The efforts of Haiti to secure its independence from colonial rule beginning in 1791 are remarkable for the fact that what began as a slave revolt was to ultimately succeed in prevailing over the resources of the French Empire and to form a government of Western Hemisphere Africans. Haiti, much smaller in population than the United States, was attacked by armies as large as those sent against America by Britain. The Haitian victory over the legions of Napoleon was achieved with much less foreign assistance than the United States enjoyed.
Many key figures in the Haitian War of Independence gained military experience and political insights through their participation in Savannah -- most notably Henri Christophe, a youth at the time but in his adult years a general of Haitian armies and king of his nation for fourteen years. There is little appreciation in the United States for the events that led to the formation of the Haitian nation. Influenced by both the events of the American Revolution and the rhetoric of the French Revolution, the people of Haiti began a struggle for self-government and liberty. The first nation in the Western Hemisphere to form a government led by people of African descent, it was also the first nation to renounce slavery.
The concepts of self-government and independence from European colonial rule were obvious elements in the Siege of Savannah. To see these concepts tested on the battlefield was to be an experience that would be carried far afield from this and other Revolutionary War battlefields.
3. Other; The power of the individual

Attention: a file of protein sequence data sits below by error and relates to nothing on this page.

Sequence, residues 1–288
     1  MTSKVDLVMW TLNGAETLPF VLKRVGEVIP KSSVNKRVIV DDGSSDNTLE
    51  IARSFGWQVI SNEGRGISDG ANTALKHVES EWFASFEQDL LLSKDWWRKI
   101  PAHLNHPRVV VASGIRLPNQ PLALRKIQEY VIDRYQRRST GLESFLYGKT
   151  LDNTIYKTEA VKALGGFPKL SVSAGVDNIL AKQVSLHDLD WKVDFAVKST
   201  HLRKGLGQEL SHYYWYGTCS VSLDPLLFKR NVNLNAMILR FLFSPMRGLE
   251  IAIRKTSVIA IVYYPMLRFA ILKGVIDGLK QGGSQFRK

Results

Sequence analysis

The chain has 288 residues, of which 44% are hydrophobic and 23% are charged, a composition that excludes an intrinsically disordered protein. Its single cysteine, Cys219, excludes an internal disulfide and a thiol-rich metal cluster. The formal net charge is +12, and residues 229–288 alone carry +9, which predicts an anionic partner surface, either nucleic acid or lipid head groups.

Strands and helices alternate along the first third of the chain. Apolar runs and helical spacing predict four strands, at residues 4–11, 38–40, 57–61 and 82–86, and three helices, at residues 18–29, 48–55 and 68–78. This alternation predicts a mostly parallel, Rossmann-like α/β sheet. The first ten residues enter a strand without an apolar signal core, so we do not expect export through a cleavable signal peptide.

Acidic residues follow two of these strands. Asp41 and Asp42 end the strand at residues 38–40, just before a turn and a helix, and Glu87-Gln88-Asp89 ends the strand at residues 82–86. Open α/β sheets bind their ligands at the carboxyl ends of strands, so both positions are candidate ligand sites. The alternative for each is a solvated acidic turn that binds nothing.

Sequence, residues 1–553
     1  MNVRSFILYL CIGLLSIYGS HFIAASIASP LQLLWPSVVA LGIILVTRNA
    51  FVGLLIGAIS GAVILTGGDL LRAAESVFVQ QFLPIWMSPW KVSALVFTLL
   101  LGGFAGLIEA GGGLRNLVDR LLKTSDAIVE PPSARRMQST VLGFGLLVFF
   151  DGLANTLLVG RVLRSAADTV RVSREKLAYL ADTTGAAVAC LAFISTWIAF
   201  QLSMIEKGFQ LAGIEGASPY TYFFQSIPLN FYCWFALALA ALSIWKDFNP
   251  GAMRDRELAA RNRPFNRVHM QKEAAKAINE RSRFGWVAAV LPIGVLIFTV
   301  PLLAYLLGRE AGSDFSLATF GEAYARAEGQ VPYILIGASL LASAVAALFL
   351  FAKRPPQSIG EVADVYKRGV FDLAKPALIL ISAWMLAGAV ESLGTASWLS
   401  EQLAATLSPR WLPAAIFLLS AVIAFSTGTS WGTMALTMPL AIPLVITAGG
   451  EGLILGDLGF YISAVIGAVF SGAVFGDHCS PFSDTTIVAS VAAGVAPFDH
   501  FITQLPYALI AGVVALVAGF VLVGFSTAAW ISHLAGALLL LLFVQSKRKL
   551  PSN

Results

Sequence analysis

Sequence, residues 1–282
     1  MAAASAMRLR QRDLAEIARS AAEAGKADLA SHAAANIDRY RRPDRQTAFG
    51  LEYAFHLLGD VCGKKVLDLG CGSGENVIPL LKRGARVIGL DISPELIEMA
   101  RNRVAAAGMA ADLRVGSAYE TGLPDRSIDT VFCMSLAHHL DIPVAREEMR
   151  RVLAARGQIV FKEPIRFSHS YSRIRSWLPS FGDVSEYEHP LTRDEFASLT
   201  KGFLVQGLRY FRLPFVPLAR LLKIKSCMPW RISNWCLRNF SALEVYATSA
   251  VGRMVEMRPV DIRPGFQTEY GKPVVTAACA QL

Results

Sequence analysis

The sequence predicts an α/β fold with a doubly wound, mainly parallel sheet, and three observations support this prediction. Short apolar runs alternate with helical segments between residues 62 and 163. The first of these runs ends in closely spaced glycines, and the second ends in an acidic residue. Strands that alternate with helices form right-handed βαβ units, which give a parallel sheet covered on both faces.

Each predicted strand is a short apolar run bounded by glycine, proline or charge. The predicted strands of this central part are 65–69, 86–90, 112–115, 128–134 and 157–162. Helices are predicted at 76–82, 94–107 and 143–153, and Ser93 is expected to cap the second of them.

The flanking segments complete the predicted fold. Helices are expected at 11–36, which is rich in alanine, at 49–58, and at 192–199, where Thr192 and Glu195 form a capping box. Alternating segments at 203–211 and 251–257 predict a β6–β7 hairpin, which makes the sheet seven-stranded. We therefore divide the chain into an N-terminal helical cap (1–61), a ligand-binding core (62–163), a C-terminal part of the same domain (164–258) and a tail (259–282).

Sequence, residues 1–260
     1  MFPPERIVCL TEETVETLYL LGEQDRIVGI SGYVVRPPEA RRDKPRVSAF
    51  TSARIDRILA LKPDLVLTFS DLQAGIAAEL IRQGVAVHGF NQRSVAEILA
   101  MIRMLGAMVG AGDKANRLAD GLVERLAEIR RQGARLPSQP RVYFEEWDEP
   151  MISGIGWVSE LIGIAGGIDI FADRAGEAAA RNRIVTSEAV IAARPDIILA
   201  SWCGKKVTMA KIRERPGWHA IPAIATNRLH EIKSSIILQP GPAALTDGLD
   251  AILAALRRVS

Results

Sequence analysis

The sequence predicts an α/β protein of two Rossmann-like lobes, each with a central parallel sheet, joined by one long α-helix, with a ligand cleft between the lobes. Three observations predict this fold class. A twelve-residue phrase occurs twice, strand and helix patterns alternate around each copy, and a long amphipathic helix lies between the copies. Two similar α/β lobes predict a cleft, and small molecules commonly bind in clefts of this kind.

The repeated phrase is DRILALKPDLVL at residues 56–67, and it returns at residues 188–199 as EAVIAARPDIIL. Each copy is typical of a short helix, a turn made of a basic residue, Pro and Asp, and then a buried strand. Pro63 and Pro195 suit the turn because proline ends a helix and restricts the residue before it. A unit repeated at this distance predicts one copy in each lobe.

The figure of Henri Christophe as a young drummer participating in the campaign to take Savannah is an important figure in Haitian history. His rise from slave to king demonstrates an incredibly rare occurrence in human history. To rise to national leadership from the lower landowning and educated class like a Jackson, or a Washington, or a Lincoln is a celebrated event. To rise from lifelong, multigenerational bondage and to assume the role of soldier, officer, general, and then national leader and political architect is truly an almost unique human achievement. Henri Christophe accomplished this in the violent and turbulent times of the late eighteenth and early nineteenth century.
This organization proposes a sculpture of a group of figures on a significant base. Those to the rear are adult armed soldiers of the line; the figure in front will represent the teenager Henri Christophe in the role of military drummer. These figures are to be greater than life size and elevated consistent with the surroundings. A scale similar to the Oglethorpe monument is envisioned. The figures will represent Revolutionary War soldiers in a realistic and historically accurate manner. Their pose will suggest resolution and determination. Their gaze will be drawn to their front at the events of the battle they participated in. They will, in a manner suggested by the artist, be obviously portrayed as men of African descent. The base or pedestal for this monument will have on its facets additional representations of related Haitian history (see significance) executed in a manner compatible with the design of the figures, the design and execution to be the suggestion of the sculptor. It is the intention of the organization to commission the noted sculptor James Mastin to perform this work.
After consultation with the City Council, City Manager's office, the Coastal Heritage Society, the First African Baptist Church, and the Civil Rights Museum, the applicant suggests that Franklin Square be the location of this piece of public art. This is due to the association of this square with the African-American heritage of Savannah and its proximity to the well-visited city market area.
Your financial support is needed to accomplish our goal. Send your contribution to:
Organization: Haitian American Historical Society
Contact: Daniel Fils-Aimé, Sr., Chairman
9822 NE 2nd Avenue, Suite 3A, Miami Shores, FL 33138